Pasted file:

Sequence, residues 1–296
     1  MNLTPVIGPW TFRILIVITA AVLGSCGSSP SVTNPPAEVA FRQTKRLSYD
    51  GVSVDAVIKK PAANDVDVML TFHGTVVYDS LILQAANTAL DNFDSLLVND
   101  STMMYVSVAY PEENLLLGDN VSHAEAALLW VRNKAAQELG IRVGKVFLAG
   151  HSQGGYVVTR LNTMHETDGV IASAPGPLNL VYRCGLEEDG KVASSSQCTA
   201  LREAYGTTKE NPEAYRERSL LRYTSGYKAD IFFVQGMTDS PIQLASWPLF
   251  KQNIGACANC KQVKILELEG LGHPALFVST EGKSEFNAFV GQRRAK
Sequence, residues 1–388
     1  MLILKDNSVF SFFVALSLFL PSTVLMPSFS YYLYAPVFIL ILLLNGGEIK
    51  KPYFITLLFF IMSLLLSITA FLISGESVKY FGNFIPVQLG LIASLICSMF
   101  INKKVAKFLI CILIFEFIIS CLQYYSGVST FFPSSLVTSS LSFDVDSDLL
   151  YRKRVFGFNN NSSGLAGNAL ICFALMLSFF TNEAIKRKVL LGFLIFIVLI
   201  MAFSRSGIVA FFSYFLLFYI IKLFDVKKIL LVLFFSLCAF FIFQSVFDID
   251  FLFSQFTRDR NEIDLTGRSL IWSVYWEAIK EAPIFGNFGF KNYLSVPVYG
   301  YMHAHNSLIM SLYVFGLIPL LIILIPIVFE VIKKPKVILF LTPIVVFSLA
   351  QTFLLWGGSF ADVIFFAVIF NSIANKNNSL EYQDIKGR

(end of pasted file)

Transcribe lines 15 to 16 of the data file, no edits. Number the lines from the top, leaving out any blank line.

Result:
   301  YMHAHNSLIM SLYVFGLIPL LIILIPIVFE VIKKPKVILF LTPIVVFSLA
   351  QTFLLWGGSF ADVIFFAVIF NSIANKNNSL EYQDIKGR